Morphine found in the blood of a driver after a fatal head-on crash in the North-east could have been heroin, a court has heard.
Alin Jar, 31, who was working as a driver for a car hire firm, was behind the wheel of a Vauxhall Meriva that collided head on with a Renault Megane carrying Jamesina Stewart, 57, and her family on the A90 in Aberdeenshire on March 5, 2016 – the day before Mother’s Day.
Mrs Stewart, pictured, was killed at the scene while her daughter suffered horrific injuries.
Jar, of Clifton Road, Aberdeen, is alleged to have caused her death by dangerous driving while under the influence of morphine – a charge he denies.
The High Court in Aberdeen heard from a forensic scientist tasked with analysing a blood sample taken from Jar on the day of the accident.
The trial earlier heard from paramedics who tended to the Romanian national at the scene before rushing him to Aberdeen Royal Infirmary.
They said they had not administered morphine to Jar.
An A&E consultant at the hospital said a blood sample was taken from Jar within minutes of him arriving at hospital and before any pain medication was given to him.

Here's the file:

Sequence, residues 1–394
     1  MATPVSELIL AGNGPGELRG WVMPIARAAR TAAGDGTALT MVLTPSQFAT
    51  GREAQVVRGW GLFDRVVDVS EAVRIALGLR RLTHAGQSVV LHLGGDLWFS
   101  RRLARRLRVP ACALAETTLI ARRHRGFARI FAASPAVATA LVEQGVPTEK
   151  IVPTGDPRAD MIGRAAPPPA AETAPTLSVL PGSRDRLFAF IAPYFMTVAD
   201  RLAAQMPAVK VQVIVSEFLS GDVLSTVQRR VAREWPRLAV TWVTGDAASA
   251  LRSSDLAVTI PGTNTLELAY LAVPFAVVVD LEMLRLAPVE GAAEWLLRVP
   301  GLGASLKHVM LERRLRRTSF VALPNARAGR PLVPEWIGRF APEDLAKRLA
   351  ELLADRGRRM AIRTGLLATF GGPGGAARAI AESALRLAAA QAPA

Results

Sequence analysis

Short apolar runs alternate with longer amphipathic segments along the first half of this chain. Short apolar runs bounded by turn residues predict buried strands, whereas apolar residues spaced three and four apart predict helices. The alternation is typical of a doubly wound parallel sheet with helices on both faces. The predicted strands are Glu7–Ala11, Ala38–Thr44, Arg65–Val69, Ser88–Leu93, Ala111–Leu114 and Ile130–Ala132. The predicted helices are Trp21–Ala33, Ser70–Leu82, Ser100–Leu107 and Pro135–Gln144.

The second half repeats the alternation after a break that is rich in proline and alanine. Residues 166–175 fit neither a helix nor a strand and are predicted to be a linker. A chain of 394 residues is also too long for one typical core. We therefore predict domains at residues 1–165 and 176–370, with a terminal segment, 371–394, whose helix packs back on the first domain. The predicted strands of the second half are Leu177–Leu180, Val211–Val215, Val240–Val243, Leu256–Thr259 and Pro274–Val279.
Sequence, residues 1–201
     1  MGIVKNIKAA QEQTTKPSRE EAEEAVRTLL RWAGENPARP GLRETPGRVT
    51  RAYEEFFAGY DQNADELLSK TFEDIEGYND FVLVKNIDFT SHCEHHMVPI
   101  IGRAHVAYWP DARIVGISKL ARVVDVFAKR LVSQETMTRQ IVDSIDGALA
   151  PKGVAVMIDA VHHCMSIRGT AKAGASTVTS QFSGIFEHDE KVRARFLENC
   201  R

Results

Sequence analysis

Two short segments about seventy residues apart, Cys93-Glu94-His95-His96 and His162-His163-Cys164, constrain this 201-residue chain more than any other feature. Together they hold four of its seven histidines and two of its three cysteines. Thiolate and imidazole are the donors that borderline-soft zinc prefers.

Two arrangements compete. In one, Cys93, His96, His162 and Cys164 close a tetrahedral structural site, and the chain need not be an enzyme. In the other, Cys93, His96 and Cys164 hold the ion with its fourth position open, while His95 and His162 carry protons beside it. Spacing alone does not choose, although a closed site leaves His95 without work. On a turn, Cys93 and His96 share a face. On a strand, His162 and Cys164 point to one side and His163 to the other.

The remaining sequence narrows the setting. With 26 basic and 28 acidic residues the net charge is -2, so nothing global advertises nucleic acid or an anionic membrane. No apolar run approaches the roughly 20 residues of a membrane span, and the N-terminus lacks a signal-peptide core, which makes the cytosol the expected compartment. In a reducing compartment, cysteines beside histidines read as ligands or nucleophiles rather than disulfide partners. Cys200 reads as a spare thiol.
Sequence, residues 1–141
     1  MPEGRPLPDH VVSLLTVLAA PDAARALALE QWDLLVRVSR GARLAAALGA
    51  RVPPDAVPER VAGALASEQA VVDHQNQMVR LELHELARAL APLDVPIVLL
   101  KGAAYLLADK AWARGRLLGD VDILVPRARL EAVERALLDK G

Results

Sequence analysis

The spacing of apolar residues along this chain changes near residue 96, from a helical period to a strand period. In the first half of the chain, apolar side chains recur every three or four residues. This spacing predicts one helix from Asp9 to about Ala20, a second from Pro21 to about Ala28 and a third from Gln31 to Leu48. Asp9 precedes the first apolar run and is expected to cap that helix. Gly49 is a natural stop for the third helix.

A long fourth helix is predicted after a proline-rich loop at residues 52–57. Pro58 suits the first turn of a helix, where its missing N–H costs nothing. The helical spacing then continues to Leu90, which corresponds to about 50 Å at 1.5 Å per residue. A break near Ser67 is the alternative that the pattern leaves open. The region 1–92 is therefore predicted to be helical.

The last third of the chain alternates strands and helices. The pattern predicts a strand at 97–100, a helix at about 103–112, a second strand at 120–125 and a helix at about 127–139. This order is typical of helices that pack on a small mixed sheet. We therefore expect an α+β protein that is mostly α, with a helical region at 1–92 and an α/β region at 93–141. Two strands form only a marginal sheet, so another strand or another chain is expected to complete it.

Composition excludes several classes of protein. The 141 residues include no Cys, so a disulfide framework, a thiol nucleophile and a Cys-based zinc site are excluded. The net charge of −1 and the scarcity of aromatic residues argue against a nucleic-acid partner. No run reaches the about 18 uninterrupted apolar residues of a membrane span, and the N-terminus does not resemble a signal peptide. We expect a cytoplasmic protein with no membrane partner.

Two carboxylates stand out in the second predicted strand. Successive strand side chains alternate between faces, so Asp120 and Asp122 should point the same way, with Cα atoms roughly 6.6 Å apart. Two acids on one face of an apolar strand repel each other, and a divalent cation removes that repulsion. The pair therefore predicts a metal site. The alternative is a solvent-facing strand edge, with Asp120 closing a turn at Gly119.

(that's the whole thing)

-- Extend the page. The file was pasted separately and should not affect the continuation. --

Forensic scientist Steven Sole, 57, told a jury that a “high” reading of morphine – 0.27 milligrammes per litre of blood – was found in the sample that was taken.
He said the amount found could be consistent with either illicit heroin having been taken and breaking down within the body – or with the amount found “an hour or two” after the drug is used as a painkiller in surgery.
He said: “At that level the scientific data says a subject would be impaired with drowsiness, confusion or dizziness.”
Advocate depute Bernard Ablett asked: “Would you expect impairment to be there in someone with that level in their blood?”
Mr Sole replied: “Yes.”
Prosecutors say Jar drove dangerously and while impaired by morphine, travelled at excessive speed, repeatedly fell asleep and swerved into oncoming traffic before smashing into the car occupied by Mrs Stewart. It is further alleged that, shortly before the smash, another driver was forced to take “evasive action” to avoid a head on collision.
The charges against Jar state that three passengers in the car Jar collided with were injured while one was seriously injured, disfigured and impaired.
He earlier offered to plead guilty to a reduced charge of causing death by careless driving.
But prosecutors rejected his plea and Jar is now standing trial accused of the more serious charge of causing death by dangerous driving.
The trial, before Lord Woolman and a jury of six men and nine women, continues.